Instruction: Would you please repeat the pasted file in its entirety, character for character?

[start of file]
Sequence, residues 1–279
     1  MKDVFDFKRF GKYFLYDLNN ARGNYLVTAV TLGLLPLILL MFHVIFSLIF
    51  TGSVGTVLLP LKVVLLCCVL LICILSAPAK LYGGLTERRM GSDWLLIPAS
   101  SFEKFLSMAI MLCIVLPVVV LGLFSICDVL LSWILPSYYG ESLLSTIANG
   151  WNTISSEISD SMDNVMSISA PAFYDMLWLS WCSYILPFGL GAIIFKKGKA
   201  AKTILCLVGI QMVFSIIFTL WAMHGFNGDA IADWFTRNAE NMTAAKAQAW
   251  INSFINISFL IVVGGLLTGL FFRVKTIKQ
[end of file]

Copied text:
Sequence, residues 1–279
     1  MKDVFDFKRF GKYFLYDLNN ARGNYLVTAV TLGLLPLILL MFHVIFSLIF
    51  TGSVGTVLLP LKVVLLCCVL LICILSAPAK LYGGLTERRM GSDWLLIPAS
   101  SFEKFLSMAI MLCIVLPVVV LGLFSICDVL LSWILPSYYG ESLLSTIANG
   151  WNTISSEISD SMDNVMSISA PAFYDMLWLS WCSYILPFGL GAIIFKKGKA
   201  AKTILCLVGI QMVFSIIFTL WAMHGFNGDA IADWFTRNAE NMTAAKAQAW
   251  INSFINISFL IVVGGLLTGL FFRVKTIKQ